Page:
Despicables: A Reflection on Political Insults

Not long ago I received a group e-mail from a Democratic political consultant who I have known for many years in which all Trump supporters were tarred as stupid, racist, misogynists who lack an interest in the values of the nation. Hillary’s rants go by me – they are not posturing; her failure to campaign in vital Midwestern states demonstrates a disrespect for and deep lack of understanding of the American people. Articles by self-satisfied, incredulous liberal authors who have been touring Red states to examine Trump voters go by me – they do a lot of interviews, but generally do not listen to what they are told. But this guy bothers me – he knows my schtick that I am a Republican in San Francisco because I have a genuine interest in liberty, opportunity, and personal responsibility, and that I will debate the issues. What gives? What drives direct confrontational insulting of people with differing political views?
Two theories:
1. Bullying of Republicans by Democrats has worked for a long time in Blue states. (And presumably the reverse.) For a decade or so, “racist” was the term of choice. Traditional American values – the Scout oath; Norman Rockwell paintings – reflected a longing for a society of white privilege; any opposition to Barack Obama’s liberal policies was based on his race; secure borders were code words for keeping Hispanics in their place. More recently, as the effect of an over-used racist invective has decreased, the gratuitous term “misogynist” (strongly prejudiced against women, as if a 50 cent word makes the user smarter) has been brought in as a reinforcement. No further discussion; no evidence needed; bad motives supersede any discussion. Presented forcefully and loudly enough, the playground belongs to the bully.
2. Personal attack from a (self-perceived) moral high ground is easier than a factual discussion of policy. The latter requires recognition that most subjects have two sides, and a familiarity with both is necessary for an effective debater. One needs The Wall Street Journal as well as the New York Times; Fox News as well as MSNBC; Rasmussen as well as Politico. And maybe a bit of intellect. Most importantly, one needs critical thinking skills which seem to switch off when the name Donald Trump is whispered in San Francisco.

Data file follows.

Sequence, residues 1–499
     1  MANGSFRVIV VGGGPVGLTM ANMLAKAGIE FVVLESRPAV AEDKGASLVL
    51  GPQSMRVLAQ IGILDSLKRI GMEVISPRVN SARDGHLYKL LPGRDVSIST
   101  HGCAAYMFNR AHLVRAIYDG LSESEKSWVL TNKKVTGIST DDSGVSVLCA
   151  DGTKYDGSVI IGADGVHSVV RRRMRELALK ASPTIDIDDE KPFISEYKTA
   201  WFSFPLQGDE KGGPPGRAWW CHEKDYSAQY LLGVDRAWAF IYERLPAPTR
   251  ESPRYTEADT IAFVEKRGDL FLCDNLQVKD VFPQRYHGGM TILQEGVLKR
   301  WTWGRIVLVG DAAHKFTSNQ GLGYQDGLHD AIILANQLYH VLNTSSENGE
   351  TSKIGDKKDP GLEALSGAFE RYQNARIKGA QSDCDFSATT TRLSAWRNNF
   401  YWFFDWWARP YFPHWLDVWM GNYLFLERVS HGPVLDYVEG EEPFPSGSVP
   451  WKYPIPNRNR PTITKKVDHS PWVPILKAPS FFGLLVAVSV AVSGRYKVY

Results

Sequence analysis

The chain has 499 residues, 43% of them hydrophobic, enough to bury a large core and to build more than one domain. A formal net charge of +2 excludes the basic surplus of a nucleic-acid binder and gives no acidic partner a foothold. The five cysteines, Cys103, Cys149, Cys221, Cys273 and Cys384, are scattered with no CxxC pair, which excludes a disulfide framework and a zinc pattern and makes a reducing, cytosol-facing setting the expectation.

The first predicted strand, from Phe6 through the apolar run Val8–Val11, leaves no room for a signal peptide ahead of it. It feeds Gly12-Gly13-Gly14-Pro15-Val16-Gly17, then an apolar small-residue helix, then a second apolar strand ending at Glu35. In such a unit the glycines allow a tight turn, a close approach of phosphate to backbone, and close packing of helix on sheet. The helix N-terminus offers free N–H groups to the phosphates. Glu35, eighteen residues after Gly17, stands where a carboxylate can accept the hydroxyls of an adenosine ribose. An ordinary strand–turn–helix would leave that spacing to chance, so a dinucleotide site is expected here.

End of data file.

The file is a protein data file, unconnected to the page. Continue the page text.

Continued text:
A proud Deplorable has to be able to get to the meat of policy discussion. Yes, Trump is a sexual reprobate – as were John Kennedy, Ted Kennedy, and Bill Clinton. Yes, his personnel management is terrible – the quality of some of his early selections; the slow speed of bringing forward quality candidates for senior administration positions; public criticism of subordinates. But it was hard to attract good people when opposed by the Establishment Republicans and under siege by the media and the Mueller investigation. Trump’s personal shortcomings offer much grist for the media, and motivate the Democratic base, but they distract from what the country needs – a frank discussion of his disruptive policies. Every week offers new opportunities.
Perhaps the top this week is the trade conflict with China. Wall Street (volatile, but not panicked) seems to better understand the dance than do the political pundits. We have a $375 billion annual trade deficit with China which cannot go on; China has a state-sponsored plan to overtake us in numerous technology areas by 2025, in part by demanding that companies wanting to do business in China must form joint ventures and turn over their technology to Chinese partners. Presidents Obama and Bush allowed this unacceptable situation to arise; Trump is committed to restoring a sustainable balance. He has a qualified team in place at the Commerce Department and in the key trade negotiator. They have spent months developing a strategy which calls for a Chinese proposal on how to reduce the imbalance by $100 billion, a change of rules on joint ventures and technology transfer, and discussions of tariffs to address key industries. In the background Trump maintains a cordial relationship with Xi Jinping. It is a negotiation. To the Washington Post it is a reckless president seeking a trade war. To a dispassionate observer it is a careful approach to a necessary disruption of a status quo which cannot be allowed to continue.
There are plenty of other opportunities to get beyond personal invective and argue policy: the expulsion of 60 Russian intelligence agents, while maintaining a personal relation with Putin by calling him to offer congratulations on his (fraudulent) reelection; calling on the National Guard (as Obama and Bush did) to help protect the Mexican border; re-starting the debate on sales taxes for e-commerce now that Amazon clearly no longer needs an advantage over the corner retailer. A large swath of the public understands that these have nothing to do with racism and misogyny no matter how loud my associate and the Washington Post yell. And it would not be a surprise if a majority of voters are coming to appreciate how much of what Trump does is intended to cause debate in Congress and in the public about issues that have drifted in an unsustainable direction for the past couple of decades under Democrats and Republicans alike. Insults only hinder that necessary debate.
This week’s video reflects PBS’s coverage of the Chinese trade dispute – straight from the Chinese Ministry of Truth. Perhaps the next budget deal will question why we need a government-supported left-wing news organization.
bill bowen – 4/6/18